My, oh my, how this year has flown by!
It seems as if it was only yesterday that everyone was wondering what would happen when the clocks reached midnight on Dec 31, 1999. Were you one of the people who worried about whether the Millennium Bug would be unleashed and wreak havoc worldwide? Fortunately, the Millennium Bug turned out to be more like a gnat than a killer bee and most of us were spared any electronic glitches or other ill effects as the 21st century was born.
Now, as we are about to complete the first year of the new century, it's the time of year when some of our cares and concerns can be temporarily set aside in favor of the joys of family, friends, food, and fun. For as long as I can remember, the holiday season has been my favorite time of year.
Those of you who know me will readily agree that I'm a pretty hefty man, and although I really like to eat, that's certainly not the only reason I enjoy this season.
Besides the sweet smells wafting from kitchens, the chill in the air, the scent of evergreens, the hustle and bustle of myriad shopping trips, and the rustling of wrapping paper as treasures found on those trips are wrapped and unwrapped, have excited me since childhood. I may still be a big kid at heart, but I really love this time of year.
I'm also very fortunate and blessed to have all my immediate family close at hand to share in and add to my enjoyment this holiday season. I'm especially happy this year to have met a very special woman with whom I plan to spend the rest of my life.
To me, holidays, families and friends just go together like mistletoe and kisses.
While I feel fortunate to be able to enjoy the season in so many ways, I know all too well there are countless others who won't have a happy holiday season without helping hands to make it possible.
I've heard stories about the kind deeds some of you do during the holidays and throughout the year, such as drilling free wells or helping needy people resolve pump or well problems at little or no cost to them, and you certainly deserve to be commended for your generosity.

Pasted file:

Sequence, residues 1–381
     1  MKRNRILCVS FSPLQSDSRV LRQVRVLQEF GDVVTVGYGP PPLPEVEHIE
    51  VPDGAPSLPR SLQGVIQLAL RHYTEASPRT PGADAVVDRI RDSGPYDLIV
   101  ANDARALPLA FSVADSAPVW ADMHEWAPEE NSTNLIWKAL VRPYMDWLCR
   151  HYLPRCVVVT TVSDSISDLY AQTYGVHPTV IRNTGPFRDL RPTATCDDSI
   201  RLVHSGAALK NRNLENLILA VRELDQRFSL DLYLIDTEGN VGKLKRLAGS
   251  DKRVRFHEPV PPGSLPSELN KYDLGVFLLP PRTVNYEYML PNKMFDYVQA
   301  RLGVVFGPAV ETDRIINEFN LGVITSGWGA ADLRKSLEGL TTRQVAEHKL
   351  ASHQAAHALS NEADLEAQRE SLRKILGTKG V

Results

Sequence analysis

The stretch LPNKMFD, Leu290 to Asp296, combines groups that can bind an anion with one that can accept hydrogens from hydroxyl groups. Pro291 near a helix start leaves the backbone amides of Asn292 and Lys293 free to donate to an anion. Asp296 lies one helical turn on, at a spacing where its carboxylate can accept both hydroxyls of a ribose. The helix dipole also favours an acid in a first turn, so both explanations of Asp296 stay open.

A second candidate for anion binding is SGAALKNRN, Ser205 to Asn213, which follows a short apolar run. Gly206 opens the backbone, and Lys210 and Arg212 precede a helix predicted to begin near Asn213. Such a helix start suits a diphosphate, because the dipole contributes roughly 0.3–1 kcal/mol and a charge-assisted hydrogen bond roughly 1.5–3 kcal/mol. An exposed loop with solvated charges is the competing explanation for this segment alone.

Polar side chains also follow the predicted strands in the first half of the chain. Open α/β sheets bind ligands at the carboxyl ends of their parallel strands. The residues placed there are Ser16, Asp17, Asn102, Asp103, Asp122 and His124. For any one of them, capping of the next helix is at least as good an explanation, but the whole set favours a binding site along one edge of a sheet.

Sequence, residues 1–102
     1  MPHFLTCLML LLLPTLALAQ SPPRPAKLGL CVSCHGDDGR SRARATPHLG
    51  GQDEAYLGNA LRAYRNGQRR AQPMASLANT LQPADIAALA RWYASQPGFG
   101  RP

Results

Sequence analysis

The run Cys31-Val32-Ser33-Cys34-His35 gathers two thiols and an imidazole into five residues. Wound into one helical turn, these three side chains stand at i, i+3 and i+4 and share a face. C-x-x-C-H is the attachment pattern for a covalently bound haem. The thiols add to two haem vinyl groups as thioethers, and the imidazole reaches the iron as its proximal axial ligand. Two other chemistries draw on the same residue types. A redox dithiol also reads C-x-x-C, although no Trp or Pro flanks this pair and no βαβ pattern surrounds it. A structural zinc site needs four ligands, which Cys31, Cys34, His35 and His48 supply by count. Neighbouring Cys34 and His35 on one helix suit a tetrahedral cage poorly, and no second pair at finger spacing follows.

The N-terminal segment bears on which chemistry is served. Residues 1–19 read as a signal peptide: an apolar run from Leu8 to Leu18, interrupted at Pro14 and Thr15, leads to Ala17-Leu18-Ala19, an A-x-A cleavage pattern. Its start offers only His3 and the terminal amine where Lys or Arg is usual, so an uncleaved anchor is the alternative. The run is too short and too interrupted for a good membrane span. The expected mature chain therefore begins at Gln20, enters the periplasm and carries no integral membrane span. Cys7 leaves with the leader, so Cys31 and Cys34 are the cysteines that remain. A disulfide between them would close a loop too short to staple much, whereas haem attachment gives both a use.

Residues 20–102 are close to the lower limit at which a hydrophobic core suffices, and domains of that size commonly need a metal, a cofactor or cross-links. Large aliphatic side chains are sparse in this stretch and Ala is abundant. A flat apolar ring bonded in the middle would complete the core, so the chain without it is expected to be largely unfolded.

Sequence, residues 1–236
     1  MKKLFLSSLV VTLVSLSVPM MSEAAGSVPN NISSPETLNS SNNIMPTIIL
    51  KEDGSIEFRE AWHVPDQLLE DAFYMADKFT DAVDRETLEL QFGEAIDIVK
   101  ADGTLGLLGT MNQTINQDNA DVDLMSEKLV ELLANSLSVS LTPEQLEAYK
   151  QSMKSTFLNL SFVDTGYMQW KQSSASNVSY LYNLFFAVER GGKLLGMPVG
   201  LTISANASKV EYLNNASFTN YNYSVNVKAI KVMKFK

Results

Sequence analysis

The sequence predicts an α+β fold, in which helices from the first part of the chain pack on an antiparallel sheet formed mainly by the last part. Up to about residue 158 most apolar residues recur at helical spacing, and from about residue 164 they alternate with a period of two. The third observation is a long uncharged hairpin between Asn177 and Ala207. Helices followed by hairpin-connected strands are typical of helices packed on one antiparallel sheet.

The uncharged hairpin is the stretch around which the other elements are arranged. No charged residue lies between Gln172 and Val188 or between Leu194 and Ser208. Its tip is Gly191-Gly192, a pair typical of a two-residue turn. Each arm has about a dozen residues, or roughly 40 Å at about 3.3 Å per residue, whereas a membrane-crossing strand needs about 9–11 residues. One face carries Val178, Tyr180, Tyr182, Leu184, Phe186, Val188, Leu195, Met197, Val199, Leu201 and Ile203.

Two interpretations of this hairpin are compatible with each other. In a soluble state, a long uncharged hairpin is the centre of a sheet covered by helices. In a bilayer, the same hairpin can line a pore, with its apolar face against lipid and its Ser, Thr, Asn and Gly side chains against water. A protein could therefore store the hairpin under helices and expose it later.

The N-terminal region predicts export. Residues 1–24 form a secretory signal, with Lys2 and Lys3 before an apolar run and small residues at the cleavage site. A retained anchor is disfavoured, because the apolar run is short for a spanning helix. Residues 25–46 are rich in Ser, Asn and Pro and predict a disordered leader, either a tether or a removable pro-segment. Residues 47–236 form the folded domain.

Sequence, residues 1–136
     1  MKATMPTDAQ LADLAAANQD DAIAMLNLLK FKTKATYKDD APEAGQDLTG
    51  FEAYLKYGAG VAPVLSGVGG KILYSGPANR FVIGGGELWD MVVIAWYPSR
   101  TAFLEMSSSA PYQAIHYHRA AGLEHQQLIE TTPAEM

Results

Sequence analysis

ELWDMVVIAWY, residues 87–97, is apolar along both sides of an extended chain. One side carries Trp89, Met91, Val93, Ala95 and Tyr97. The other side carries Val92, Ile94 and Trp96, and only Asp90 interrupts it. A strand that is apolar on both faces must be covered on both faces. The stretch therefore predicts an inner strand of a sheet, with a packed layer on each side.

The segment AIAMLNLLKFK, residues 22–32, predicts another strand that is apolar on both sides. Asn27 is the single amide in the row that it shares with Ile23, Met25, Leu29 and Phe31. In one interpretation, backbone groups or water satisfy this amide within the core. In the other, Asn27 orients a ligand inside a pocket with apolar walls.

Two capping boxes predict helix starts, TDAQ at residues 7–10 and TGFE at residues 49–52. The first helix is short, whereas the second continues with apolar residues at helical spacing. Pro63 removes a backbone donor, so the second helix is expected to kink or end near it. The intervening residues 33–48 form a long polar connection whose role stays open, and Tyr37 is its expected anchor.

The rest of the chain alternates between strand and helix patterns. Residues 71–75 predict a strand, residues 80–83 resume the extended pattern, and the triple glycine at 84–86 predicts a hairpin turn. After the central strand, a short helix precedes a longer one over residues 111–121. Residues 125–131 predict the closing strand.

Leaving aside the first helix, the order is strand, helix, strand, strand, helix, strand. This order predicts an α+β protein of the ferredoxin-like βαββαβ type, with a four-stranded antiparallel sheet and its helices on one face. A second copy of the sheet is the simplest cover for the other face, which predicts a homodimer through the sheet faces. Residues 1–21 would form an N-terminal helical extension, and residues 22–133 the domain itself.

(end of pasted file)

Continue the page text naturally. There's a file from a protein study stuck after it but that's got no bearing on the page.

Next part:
For those of you who may not ever have considered doing something during the holidays to help others, I'd like to encourage you to make it a point this year to do so.
If you don't know where to look to find someone you can help, there are plenty of worthwhile organizations such as the Salvation Army which would be happy to direct you to someone in need of your help. Also, check out Stuart Smith's column in this issue, he points out several suggestions for those of you who are interested in getting involved.
In addition to all the holiday season activities, two major events will be held in December that are important for those involved in the drilling industry. The inaugural Directional Boring 2000 trade show is scheduled Dec.7-9 at the Expo Center in Shreveport, LA, and the 52nd Annual National Ground Water Association Convention and Exposition will be Dec. 13-15 at the Las Vegas Convention Center and Las Vegas Hilton Hotel. Preview stories about these shows can be found in this issue of National Driller.
Both of these special events will offer plenty of opportunities to see and learn about the latest in equipment, products, and technology, along with numerous top-notch educational workshops, seminars and networking opportunities. If you're involved in directional boring or the groundwater industry, you'll certainly find something interesting and informative.
In closing, I want to offer congratulations to National Driller Art Director Mary McAllister and her husband, Evan, on the birth of our publication's newest "staff member." Little Janérae McAllister weighed in at eight pounds two ounces and the new parents and baby daughter are all doing very well.
Happy Holidays to everyone.
Danny Lewis, National Driller's Editor